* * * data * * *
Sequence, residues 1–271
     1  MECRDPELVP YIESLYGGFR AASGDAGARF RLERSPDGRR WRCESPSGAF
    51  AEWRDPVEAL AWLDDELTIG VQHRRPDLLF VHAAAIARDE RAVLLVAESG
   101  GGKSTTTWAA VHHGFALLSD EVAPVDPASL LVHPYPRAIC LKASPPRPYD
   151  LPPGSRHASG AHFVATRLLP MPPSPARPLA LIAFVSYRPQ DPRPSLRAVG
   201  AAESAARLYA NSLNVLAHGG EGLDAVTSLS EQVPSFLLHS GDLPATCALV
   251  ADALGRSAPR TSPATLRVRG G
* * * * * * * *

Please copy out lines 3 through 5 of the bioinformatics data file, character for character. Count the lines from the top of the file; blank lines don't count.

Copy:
    51  AEWRDPVEAL AWLDDELTIG VQHRRPDLLF VHAAAIARDE RAVLLVAESG
   101  GGKSTTTWAA VHHGFALLSD EVAPVDPASL LVHPYPRAIC LKASPPRPYD
   151  LPPGSRHASG AHFVATRLLP MPPSPARPLA LIAFVSYRPQ DPRPSLRAVG